Few things fascinate a reader more than stories in which a character is utterly defeated and then must recover. It's not because of schadenfreude (a German term for pleasure one takes at others' misfortune). Instead, I think we all worry about how we might react if something bad happened to us. Do we have the right stuff to come through the storm battered but unbowed? As Nietzsche said, "That which doesn't kill us makes us stronger." Or are we so weak in spirit that we would not be able to cope with tragedy? We might not ever know until we come face-to-face with a serious challenge. So we take comfort from reading fiction and memoirs about how others handle adversity, especially if they do things badly at first. If they can get it together and overcome their troubles, then surely we can too.
In the painfully honest memoir The Cliff Walk an English literature professor falls apart in the early 1990s when his teaching contract is not renewed and he experiences nearly 100 rejections when applying for a similar position. He is the sole breadwinner for three kids plus a pregnant wife, but he fails to protect them. Instead, he drinks too much, wastes too much time, wallows in self-pity, and spends too much money. Meanwhile his much younger wife who lacks his level of education and experience saves the family when she starts a daycare service to generate income. Finally, her husband takes work as a day laborer. What's fascinating here is how people can surprise you with their reactions to extreme stress. Probably everybody who knew this couple before their misfortune would have underestimated her as a young housewife, and looked up to him as an important man who could surely shepherd his family through a severe financial crisis.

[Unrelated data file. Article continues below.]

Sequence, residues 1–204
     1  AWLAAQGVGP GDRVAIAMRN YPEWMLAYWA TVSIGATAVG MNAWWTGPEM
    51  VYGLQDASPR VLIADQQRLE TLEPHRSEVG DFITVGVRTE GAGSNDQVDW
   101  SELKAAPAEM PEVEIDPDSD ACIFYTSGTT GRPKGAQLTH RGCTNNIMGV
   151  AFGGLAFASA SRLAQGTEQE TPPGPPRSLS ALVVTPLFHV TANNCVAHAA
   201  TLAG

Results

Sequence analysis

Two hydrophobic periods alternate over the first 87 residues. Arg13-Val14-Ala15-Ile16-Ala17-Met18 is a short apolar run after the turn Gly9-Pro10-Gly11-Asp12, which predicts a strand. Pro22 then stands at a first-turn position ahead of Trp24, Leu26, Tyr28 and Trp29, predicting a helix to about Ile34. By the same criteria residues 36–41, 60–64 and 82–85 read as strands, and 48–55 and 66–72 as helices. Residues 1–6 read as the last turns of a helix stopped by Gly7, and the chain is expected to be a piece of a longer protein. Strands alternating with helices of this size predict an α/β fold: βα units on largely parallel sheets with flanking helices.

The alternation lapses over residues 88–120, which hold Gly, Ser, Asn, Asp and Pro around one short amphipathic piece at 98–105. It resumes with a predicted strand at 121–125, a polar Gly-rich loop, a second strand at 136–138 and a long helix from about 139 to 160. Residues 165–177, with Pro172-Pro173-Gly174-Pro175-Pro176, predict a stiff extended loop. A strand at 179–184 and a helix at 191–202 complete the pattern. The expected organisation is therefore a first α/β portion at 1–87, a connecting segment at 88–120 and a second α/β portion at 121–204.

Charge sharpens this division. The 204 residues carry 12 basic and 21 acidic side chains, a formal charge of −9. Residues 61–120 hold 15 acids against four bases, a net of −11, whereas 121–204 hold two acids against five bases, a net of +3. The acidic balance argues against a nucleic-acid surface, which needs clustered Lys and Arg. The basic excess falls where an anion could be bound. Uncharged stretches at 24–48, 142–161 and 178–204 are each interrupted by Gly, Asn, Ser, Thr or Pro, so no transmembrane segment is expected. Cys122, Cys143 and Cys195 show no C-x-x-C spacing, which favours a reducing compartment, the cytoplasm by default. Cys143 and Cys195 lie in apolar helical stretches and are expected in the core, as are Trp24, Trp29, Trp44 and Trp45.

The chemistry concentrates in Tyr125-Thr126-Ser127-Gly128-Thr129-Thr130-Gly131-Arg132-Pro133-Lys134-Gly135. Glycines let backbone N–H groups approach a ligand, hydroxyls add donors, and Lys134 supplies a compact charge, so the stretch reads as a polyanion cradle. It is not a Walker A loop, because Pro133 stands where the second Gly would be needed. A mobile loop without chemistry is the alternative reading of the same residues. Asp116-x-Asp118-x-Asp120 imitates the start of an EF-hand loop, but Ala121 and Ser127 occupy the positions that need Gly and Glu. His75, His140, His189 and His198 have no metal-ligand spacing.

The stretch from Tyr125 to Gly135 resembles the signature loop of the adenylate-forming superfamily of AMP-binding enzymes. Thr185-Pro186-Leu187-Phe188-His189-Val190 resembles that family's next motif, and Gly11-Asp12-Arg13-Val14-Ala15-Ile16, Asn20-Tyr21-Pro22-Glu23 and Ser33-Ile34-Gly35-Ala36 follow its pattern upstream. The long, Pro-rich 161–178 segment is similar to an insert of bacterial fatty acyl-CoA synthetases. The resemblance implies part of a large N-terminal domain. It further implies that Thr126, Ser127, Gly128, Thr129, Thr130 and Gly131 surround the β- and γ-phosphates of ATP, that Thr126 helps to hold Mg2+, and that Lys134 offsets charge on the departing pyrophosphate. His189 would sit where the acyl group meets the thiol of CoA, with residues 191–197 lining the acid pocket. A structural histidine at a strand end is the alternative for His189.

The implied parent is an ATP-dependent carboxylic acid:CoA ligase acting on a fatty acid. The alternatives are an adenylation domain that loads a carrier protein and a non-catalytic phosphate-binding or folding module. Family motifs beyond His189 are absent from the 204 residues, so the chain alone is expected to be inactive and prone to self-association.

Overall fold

Think about your characters. How do they surprise you when you put them under stress? Don't make them too heroic. They are going to have to suffer and struggle, if you want a good story. Most importantly, they need to doubt themselves. Remember The Fountainhead by Ayn Rand? Howard Roark is an architect reminiscent of Frank Lloyd Wright. Unfortunately, it is the 1920s and no one will hire him because he refuses to copy the works of the past. Expelled from architecture school, he goes to New York City to work for the visionary but bankrupt Henry Cameron who can't even afford to maintain a one-man office. Poor Cameron is drinking himself to death with grief over his failed modernist career whereas Howard is so absorbed by his work that he remains unaffected. Guess who the more interesting character is – at least for me? If poor Cameron could have pulled himself together, we might have had a great book with some real characterization.
Create a character who doubts herself when the going gets rough. Show the transformation that allows her to overcome. Consider what might make the seemingly imposing person fall apart and the meek one to triumph. Maybe the big character has a sense of entitlement that the world owes him continued good fortune, and he is paralyzed with shock when that proves not to be true. Maybe the little character has no ego to get past and she has clear view of what to do for survival. Put together a scenario and let your imagination run wild. Look on Amazon.com for The Cliff Walk: A Memoir of a Job Lost and a Life Found and The Fountainhead
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